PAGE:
HOME |  JOIN |  CULT MOVIES | COMPETITIONS | ADVERTISE |  CONTACT US |  ABOUT US
 
 
Newest Reviews
Limehouse Golem, The
Frankenstein '80
Good Time
Bucket of Blood, A
Detroit
Hide and Seek
What Happened to Monday
River Wild, The
Veteran
Slumber Party '57
Juliette, or Key of Dreams
Summertime Killer
Sweet Virginia
Ben & Arthur
Your Name
Red Hot Shot, The
New World
Trick Baby
Weapons of Death
Second Best Secret Agent in the Whole Wide World, The
Kills on Wheels
Strait-Jacket
This Man is Dangerous
Burning Paradise
Away
Mistress of the Apes
Incredible Paris Incident
Star Wars: The Last Jedi
Fox and His Friends
Bitter Harvest
   
 
Newest Articles
Movie Flop to Triumphant TV Revival: Twin Peaks and The League of Gentlemen
Driving Force: The Golden Age of American Car Chases
Madness in his Method: Jim Carrey and Andy Kaufman
Music, Love and Flowers: Monterey Pop on Blu-ray
The Melville Mood: His Final Two Films on The Melville Collection Blu-ray
Always Agn├Ęs: 3 from The Varda Collection Blu-ray
Re: Possession of Vehicles - Killer Cars, Trucks and a Vampire Motorcycle
The Whicker Kicker: Whicker's World Vols 5&6 on DVD
The Empress, the Mermaid and the Princess Bride: Three 80s Fantasy Movies
Witching Hour: Hammer House of Horror on Blu-ray
   
 
  Back to the Future Get It Right Next TimeBuy this film here.
Year: 1985
Director: Robert Zemeckis
Stars: Michael J. Fox, Christopher Lloyd, Lea Thompson, Crispin Glover, Thomas F. Wilson, Claudia Wells, Marc McClure, Wendie Jo Sperber, George DiCenzo, Frances Lee McCain, James Tolkan, J.J. Cohen, Casey Siemaszko, Billy Zane, Harry Waters Jr, Donald Fullilove
Genre: Comedy, Science Fiction
Rating:  9 (from 2 votes)
Review: Teenage Marty McFly (Michael J. Fox) arrives at the home of his friend Doc Emmett Brown (Christopher Lloyd) to find that he's not in, and as far as he can see he hasn't been back for a while: even his dog Einstein is missing. As a budding rock musician, he takes the opportunity to try out the enormous speaker that the scientist has built for him, but it's far too powerful and knocks him off his feet, collapsing in a heap. Then a phone call as he surveys the damage, from Doc telling him that he is wrapped up in an important experiment and could Marty meet him after midnight tonight at the mall parking lot?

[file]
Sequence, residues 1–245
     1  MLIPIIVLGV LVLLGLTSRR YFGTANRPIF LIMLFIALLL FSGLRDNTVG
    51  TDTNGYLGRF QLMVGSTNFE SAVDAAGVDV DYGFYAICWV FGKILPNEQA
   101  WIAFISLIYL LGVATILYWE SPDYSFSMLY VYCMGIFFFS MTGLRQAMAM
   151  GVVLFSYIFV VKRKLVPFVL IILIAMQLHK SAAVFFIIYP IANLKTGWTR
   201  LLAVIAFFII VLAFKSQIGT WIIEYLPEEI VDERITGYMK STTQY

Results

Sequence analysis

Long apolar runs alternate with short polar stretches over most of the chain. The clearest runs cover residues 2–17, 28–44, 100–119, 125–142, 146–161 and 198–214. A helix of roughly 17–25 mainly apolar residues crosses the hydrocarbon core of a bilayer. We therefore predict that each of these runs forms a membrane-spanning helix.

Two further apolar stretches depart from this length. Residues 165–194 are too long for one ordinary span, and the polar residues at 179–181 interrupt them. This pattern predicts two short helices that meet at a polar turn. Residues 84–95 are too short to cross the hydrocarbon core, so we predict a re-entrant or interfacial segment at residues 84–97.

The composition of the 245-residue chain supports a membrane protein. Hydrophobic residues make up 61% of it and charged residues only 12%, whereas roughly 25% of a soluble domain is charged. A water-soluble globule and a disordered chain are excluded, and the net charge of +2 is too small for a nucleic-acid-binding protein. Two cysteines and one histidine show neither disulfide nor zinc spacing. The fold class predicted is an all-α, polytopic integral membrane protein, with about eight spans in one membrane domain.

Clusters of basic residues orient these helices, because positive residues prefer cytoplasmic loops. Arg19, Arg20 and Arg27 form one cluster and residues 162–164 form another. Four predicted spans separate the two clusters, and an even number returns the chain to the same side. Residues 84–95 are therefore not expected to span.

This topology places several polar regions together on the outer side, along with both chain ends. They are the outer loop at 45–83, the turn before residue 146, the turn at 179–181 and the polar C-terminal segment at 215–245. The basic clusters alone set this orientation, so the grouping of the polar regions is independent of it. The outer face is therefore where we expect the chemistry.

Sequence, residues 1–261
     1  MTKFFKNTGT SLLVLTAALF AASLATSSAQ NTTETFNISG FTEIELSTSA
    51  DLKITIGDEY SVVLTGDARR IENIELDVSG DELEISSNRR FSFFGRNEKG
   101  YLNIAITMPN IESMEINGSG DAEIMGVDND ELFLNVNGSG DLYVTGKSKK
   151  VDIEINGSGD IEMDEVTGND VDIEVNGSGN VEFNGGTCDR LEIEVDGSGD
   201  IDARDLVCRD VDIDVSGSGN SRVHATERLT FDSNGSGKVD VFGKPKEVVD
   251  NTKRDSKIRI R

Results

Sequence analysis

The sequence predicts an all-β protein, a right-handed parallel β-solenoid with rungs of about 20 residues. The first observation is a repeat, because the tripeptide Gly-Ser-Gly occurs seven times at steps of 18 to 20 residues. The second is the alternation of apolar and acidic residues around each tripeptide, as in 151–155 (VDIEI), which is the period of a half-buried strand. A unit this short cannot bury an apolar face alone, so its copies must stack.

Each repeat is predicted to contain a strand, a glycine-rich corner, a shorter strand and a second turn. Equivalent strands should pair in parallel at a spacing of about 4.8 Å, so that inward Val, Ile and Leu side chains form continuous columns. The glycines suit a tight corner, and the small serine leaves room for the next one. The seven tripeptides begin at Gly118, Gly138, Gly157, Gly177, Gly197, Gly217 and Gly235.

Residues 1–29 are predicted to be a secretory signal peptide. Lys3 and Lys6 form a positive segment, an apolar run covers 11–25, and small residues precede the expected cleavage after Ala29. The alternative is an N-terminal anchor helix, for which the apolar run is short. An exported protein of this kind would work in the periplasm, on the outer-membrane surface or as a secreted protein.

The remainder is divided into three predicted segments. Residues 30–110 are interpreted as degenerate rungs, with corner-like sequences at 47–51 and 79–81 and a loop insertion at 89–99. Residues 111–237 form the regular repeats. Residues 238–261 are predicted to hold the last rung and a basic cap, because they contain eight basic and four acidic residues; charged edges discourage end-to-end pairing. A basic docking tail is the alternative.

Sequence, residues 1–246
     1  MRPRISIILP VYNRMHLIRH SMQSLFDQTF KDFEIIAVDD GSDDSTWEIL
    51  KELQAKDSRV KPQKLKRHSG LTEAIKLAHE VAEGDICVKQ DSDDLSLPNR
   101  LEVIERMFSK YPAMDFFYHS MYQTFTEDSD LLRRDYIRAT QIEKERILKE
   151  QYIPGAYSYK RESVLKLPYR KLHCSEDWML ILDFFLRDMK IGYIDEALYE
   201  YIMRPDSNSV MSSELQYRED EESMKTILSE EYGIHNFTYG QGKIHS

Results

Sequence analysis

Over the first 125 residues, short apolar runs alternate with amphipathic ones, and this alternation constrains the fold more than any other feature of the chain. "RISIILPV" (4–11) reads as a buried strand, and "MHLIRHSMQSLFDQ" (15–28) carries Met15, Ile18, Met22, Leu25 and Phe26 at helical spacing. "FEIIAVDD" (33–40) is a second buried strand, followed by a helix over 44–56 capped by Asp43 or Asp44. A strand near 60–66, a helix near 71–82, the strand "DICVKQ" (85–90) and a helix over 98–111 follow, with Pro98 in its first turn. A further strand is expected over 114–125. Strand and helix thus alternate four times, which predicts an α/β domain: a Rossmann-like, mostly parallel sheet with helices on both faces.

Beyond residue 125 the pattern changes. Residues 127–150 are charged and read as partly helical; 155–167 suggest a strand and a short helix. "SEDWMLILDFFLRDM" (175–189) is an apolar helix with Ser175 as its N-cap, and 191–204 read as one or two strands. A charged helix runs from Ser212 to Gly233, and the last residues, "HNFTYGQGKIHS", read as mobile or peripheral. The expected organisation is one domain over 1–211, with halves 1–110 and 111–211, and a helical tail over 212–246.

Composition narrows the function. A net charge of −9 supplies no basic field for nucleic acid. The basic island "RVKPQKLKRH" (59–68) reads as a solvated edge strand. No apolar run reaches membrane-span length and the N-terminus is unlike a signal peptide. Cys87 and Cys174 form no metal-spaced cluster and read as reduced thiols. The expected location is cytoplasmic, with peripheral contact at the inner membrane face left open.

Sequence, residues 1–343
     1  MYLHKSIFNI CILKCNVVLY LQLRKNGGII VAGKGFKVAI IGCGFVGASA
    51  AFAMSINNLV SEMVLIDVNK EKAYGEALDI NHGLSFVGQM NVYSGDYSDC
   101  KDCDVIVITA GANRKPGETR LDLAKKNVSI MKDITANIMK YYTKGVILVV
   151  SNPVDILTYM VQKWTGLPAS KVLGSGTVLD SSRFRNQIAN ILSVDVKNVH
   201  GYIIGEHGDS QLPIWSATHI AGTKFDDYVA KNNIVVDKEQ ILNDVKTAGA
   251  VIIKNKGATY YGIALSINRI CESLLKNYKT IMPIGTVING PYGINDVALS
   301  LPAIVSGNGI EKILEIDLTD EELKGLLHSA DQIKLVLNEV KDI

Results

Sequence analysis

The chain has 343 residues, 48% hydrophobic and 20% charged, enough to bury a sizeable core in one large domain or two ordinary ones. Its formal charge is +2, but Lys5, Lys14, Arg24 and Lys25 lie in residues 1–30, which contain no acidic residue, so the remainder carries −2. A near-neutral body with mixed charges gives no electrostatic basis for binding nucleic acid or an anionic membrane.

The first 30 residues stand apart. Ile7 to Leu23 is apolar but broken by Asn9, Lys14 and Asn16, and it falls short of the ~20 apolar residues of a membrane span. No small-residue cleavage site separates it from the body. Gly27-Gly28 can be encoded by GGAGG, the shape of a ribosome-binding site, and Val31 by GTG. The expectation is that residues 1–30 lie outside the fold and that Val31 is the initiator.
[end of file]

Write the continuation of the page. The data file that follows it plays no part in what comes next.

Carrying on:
One of the biggest hits of the eighties, the script by director Robert Zemeckis and producer Bob Gale was by no means seen as a sure thing at the time, but it took Steven Spielberg and his team to understand the value in what was actually quite brilliantly written. From a time where the word "blockbuster" is often synonymous with less than intelligent entertainment, looking back on this is where we can see the potential in the concept, a film that proved a crowdpleaser while still offering something to set the mind racing. If anything, the critics of the day were almost grudging in their praise, as if to say, yeah, it's a lot of fun, but there must be something wrong in its popularity somewhere.

Yet audiences knew a good thing when they saw it, a science fiction movie that looked to the values of Frank Capra instead of slavishly responding to the traditions of the fantastical, while acknowledging that the whole time travel notion threw up more problems than it answered. With a plot constructed with the precision of a Swiss watch, the sheer pleasure to be gained from seeing how it all fit together and played out contributed to the film's rewatchable quality, and made it a favourite of a generation growing up with video, which practically invited such activity. Once Marty (Fox was never better) reaches the parking lot, we might as well be sitting in the DeLorean time machine Doc made too.